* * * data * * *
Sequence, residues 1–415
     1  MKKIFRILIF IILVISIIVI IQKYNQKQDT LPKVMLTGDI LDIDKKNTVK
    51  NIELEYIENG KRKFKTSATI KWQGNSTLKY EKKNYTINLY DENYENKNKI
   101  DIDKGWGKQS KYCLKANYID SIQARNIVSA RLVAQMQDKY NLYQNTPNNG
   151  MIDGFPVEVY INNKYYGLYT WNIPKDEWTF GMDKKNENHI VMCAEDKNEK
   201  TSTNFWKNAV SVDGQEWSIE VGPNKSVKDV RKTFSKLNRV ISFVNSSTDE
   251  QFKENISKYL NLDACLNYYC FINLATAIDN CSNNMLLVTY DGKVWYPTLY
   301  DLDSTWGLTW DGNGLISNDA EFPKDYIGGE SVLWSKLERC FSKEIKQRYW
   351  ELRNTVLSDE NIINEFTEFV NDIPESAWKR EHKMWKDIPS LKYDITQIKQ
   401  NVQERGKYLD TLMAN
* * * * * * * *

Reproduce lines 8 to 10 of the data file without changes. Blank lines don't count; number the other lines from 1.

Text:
   301  DLDSTWGLTW DGNGLISNDA EFPKDYIGGE SVLWSKLERC FSKEIKQRYW
   351  ELRNTVLSDE NIINEFTEFV NDIPESAWKR EHKMWKDIPS LKYDITQIKQ
   401  NVQERGKYLD TLMAN